Einkorn Flour Sandwich Bread

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The first time I noticed einkorn flour at the grocery store, I just assumed it was like spelt; another ancient grain wheat variation. After a bit of research, I discovered that it is, in fact, wheat – however, it is the original wheat, the grain that existed before being hybridized by humans. According to information I gathered from the website of the company that makes this particular brand of einkorn flour (the brand is “jovial“), the einkorn grain has more protein and less starch, is more nutritious, and contains a different form of gluten which more digestible than that contained in the more recent wheat hybrids. Another interesting fact is that it also contains less oxalates than the modern wheat varieties. With all these advantages, I thought it was time to test out a few recipes using einkorn…

The first thing I made was an apple pie. It was just ok; I didn’t adjust enough for the different properties of the einkorn flour, so it was a bit soft and not flaky enough. The next thing I attempted was pizza, from a recipe that was on the back of the flour bag. This turned out quite well, the crust was crispy and really flavourful. Yesterday I made the lime tarts I have on the site, and they were excellent; the einkorn flour seems to work really well with the French pastry tart recipe. The jovial website has lots of great recipes and advice for using the flour; it doesn’t absorb as much liquid or fat as modern wheat flour, so their recipes are all tailored to suit these properties.

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I added a bit of ground flaxseed to this recipe for some binding help (since the einkorn has weaker gluten) and also for the good fats.  The bread turned out to be a pleasant surprise; it rose nicely, was very easy to make, and tastes rich and buttery.  The crust is crisp and the interior is light with lots of air bubbles throughout, so it’s not a dense, heavy loaf…it’s perfect for morning toast.

*Update – I’ve made this bread many times since first posting this recipe; I’ve used different brands of flour, and sometimes throw in a handful or two of seeds, such a sesame and poppy, and it always turns out really well.  The most important thing is that the dough isn’t too dry; einkorn seems to like to be wetter than modern wheat doughs.  I’ve also made the dough in the morning, refrigerating it after the first rise, and then letting it come to room temperature and watching it closely for the final rise before it goes in the oven to make sure it doesn’t over-proof, and this produces a good loaf as well.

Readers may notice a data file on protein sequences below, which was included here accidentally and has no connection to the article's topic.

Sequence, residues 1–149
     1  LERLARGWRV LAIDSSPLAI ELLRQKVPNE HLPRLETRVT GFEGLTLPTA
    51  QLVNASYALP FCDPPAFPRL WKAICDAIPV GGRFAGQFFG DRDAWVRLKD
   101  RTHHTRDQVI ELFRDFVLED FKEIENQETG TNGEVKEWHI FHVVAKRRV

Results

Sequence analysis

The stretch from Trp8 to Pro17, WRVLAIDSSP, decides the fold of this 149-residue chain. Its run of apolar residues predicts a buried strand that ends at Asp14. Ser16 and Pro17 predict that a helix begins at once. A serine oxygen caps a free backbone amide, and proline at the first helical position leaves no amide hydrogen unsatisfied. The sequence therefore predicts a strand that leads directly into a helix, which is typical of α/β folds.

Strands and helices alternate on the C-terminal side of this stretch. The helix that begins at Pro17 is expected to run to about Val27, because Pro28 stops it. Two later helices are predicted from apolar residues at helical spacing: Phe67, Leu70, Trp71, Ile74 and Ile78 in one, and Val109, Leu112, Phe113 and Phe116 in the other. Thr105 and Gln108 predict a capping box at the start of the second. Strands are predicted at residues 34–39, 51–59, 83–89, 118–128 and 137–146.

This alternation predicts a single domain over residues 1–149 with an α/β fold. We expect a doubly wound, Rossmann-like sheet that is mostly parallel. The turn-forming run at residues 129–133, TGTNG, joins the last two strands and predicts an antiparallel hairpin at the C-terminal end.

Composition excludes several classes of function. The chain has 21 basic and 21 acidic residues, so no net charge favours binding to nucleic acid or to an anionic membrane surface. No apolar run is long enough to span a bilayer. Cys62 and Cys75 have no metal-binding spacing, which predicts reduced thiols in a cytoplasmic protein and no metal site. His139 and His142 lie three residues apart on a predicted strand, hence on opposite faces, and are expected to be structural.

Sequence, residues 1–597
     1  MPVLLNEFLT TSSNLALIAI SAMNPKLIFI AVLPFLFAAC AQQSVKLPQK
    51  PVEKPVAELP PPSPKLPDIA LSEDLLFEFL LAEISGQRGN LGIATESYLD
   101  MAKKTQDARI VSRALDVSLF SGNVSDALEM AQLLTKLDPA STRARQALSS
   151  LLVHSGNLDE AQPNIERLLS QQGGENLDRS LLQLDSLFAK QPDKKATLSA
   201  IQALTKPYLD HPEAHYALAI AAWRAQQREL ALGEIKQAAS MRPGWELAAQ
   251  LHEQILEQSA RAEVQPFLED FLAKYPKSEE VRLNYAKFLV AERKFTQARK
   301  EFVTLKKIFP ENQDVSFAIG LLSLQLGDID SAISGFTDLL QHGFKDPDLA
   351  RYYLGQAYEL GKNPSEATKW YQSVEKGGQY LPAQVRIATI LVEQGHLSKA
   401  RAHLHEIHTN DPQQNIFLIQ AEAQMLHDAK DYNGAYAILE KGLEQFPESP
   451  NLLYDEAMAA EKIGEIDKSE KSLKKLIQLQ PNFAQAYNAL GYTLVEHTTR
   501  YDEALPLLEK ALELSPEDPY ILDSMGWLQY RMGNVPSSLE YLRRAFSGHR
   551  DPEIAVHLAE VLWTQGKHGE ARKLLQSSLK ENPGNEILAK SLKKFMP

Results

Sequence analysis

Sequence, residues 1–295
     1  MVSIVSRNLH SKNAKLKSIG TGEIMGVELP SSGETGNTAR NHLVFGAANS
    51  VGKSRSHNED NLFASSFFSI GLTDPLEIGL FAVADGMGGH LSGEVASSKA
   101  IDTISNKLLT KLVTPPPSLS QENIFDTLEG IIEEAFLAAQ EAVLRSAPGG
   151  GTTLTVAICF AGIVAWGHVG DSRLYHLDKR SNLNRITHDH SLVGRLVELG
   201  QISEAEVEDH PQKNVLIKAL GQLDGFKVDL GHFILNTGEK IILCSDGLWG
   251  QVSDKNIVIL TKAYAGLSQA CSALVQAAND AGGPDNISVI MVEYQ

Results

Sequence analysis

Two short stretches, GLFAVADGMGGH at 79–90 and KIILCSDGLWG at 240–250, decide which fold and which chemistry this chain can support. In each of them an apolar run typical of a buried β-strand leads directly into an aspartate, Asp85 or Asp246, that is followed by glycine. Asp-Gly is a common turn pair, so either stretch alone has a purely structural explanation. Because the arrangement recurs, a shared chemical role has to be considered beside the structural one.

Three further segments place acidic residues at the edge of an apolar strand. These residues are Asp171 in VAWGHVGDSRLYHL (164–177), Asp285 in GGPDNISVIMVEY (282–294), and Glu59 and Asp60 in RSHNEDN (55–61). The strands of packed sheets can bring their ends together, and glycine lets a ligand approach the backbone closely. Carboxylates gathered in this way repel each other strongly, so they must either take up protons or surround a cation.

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Einkorn Flour Sandwich Bread
adapted from the jovial recipe, The Softest Einkorn Sandwich Loaf

Ingredients:

3/4 cup milk, warmed to 110°F (dairy or plant-based)
3/4 to 1 cup water, warmed to 110°F
1 teaspoon sugar or maple syrup
2 tablespoons olive oil
1 1/2 teaspoons dry active yeast
3 3/4 cups (450 g) jovial all-purpose or whole grain einkorn flour
1/4 cup (25 g) flaxseed meal
1 1/4 teaspoons sea salt

Instructions:

In a large bowl, combine the warmed milk and 1/2 cup water, sugar, olive oil and yeast. Stir gently, and then add the flour and salt on top. Mix with a wooden spoon until combined; the dough will be very wet and sticky, but this is correct for this flour. If the dough seems a bit stiff or dry, then add the extra 1/4 cup of water.  The consistency should be somewhere between firm enough to pick up in one mass, but too soft to knead.  Cover bowl with a damp dish towel and let rise for approximately 45 minutes.

Grease and line an 8.5 x 4.5 loaf pan with parchment paper.  Using a greased rubber spatula, scrape the dough from the edges of the bowl into an oblong shape, and then tip into the loaf pan. Coat your hands in either olive oil or butter, and smooth out the top of the loaf. Preheat the oven to 400°F.